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Russian embassy calls UK Foreign Office’s accusations an attempt to demonize Russia

February 16, 2:35 UTC+3 LONDON

On Thursday, British Foreign Office Minister for Cyber Security Tariq Ahmad had attributed the NotPetya cyber attack to the Russian government

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Russian Embassy in London

Russian Embassy in London


LONDON, February 16 /TASS/. The Russian Embassy in London on Thursday described UK Foreign Office’s attempts to blame Moscow for a major cyberattack last year as part of a campaign to demonize Russia.

"The statement of Foreign Office Minister Lord [Tariq] Ahmad regarding Russia’s alleged responsibility for the NotPetya cyber-attack is, like many other similar accusations, not backed by any evidence," the embassy said in a statement on its website. "It is another example of irresponsible and hostile rhetoric of British officials towards Russia."

"The Embassy considers it as a part of the continuing campaign aimed at the stigmatisation of our country, that we have witnessed in the UK over the recent months," the statement reads.

On Thursday, British Foreign Office Minister for Cyber Security Tariq Ahmad had attributed the NotPetya cyber attack to the Russian government, saying that it "disrupted organizations across Europe costing hundreds of millions of pounds." Russian Presidential Spokesman Dmitry Peskov strongly rejected the claims as "groundless," adding that they were part of the "similarly groundless campaign based on hatred against Russia."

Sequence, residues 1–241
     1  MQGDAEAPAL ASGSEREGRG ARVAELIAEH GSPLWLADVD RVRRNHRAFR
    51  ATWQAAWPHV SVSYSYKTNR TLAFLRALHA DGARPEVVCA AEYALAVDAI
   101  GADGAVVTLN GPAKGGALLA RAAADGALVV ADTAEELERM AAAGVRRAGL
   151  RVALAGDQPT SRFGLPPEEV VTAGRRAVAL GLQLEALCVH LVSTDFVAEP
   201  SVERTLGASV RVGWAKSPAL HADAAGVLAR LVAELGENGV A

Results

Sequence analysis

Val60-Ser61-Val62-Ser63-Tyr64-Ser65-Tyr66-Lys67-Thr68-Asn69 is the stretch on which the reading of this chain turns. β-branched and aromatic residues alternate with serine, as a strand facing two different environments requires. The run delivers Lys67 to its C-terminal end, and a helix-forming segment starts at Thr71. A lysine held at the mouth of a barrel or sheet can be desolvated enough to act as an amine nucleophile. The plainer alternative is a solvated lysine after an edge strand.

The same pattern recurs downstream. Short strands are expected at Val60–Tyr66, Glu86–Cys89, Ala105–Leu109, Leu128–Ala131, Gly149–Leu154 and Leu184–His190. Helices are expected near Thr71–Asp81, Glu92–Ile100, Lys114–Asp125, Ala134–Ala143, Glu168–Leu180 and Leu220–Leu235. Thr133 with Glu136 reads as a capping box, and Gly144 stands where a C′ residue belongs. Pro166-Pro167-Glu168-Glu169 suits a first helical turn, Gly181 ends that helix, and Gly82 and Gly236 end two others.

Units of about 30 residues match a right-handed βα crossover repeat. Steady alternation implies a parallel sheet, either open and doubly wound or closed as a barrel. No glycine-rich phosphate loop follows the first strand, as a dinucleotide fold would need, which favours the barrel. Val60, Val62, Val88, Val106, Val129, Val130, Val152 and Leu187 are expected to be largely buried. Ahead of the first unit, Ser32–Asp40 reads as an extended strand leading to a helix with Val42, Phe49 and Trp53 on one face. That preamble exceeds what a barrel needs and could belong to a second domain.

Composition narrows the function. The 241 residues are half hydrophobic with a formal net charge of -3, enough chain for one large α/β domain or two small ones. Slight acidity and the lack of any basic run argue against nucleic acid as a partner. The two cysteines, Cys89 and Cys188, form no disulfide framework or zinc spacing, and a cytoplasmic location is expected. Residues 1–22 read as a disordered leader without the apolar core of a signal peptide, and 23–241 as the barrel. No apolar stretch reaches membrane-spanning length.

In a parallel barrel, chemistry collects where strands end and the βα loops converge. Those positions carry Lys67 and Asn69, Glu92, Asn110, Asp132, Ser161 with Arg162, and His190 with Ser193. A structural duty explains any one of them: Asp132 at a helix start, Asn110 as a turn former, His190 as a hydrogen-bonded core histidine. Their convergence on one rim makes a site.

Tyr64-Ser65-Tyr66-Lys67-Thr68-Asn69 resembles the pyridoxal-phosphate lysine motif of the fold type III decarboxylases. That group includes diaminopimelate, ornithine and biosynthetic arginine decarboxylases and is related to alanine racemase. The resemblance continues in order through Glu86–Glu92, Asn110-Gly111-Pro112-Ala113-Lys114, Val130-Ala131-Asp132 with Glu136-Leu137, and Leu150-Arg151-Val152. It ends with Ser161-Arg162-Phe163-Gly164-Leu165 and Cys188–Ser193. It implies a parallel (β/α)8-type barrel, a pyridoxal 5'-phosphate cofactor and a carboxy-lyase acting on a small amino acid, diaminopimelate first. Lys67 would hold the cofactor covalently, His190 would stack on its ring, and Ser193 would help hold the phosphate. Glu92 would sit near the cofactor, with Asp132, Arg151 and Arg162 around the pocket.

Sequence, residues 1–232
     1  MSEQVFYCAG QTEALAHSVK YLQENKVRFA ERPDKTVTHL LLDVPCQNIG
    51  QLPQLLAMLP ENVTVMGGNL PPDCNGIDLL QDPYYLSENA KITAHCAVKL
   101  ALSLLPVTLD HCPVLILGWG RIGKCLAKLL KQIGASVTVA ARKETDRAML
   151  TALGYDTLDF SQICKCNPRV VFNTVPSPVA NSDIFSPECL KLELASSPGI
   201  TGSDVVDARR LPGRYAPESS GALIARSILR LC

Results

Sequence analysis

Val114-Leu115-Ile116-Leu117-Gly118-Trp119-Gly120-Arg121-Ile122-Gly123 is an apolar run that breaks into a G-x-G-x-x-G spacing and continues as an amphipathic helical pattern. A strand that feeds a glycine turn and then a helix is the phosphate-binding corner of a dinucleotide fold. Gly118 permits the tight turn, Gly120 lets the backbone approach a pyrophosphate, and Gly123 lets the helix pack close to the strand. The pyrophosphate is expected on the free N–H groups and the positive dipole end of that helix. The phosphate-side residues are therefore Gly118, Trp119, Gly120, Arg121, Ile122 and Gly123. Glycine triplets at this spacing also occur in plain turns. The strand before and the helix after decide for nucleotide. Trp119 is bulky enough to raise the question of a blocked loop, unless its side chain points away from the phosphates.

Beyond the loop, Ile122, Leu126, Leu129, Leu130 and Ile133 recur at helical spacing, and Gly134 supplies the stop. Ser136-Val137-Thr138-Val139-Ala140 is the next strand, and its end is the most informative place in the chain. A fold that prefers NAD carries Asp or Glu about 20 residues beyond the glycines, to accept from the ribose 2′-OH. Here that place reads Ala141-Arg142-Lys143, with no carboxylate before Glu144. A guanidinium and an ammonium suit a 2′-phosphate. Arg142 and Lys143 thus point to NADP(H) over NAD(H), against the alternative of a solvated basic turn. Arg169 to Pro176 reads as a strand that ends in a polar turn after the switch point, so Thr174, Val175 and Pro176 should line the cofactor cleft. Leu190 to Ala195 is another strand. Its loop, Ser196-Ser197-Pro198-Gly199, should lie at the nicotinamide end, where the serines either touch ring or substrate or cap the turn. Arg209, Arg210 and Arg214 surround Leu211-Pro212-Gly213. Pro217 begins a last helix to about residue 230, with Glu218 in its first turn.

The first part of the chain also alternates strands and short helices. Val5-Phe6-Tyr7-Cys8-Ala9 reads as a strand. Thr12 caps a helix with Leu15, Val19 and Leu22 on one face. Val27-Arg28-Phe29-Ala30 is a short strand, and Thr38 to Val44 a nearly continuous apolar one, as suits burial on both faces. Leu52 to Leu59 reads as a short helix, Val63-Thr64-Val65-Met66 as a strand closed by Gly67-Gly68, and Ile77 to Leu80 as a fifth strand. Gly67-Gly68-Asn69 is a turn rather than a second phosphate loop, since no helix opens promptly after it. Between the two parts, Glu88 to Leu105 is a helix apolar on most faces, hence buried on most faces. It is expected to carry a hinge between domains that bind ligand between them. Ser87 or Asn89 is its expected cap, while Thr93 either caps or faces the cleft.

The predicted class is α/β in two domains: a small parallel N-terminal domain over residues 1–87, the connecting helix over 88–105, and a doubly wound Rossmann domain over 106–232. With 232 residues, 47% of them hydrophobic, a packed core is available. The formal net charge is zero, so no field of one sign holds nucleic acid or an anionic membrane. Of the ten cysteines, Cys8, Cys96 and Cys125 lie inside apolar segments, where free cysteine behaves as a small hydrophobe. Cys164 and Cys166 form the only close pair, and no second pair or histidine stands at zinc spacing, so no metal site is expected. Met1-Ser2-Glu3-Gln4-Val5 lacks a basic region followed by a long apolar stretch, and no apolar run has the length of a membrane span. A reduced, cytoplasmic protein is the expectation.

The Russian embassy pointed out that London was reluctant to engage in expert-level consultations with Moscow on the issue of cybersecurity.

"If the British side had had concrete evidence backing its accusations, it would have reacted positively to Russia’s proposal of bilateral expert consultations on cybersecurity made by Foreign Minister [Sergei] Lavrov to Foreign Secretary [Boris] Johnson on 22 December 2017 in Moscow," the embassy said. "For the time being, no such reply has been received."

"Russia at the UN has been promoting a number of specific constructive proposals helping the world address threats in the digital sphere," the statement reads. "Ironically, it is our Western partners including the UK who refuse to support this proposal."

On June 27, 2017, a ransomware blocking access to data and demanding money for unblocking it attacked dozens of energy, telecom and financial companies in Russia and Ukraine, spreading across the world afterwards. Experts from the Group-IB computer security company said the Petya encrypting ransomware was behind the massive cyber attack. The malware prevented operating systems from loading, blocked computers and demanded a ransom of the Bitcoin equivalent of $300. Kaspersky Lab later came to the conclusion that the world had faced a new ransomware, naming it NotPetya.

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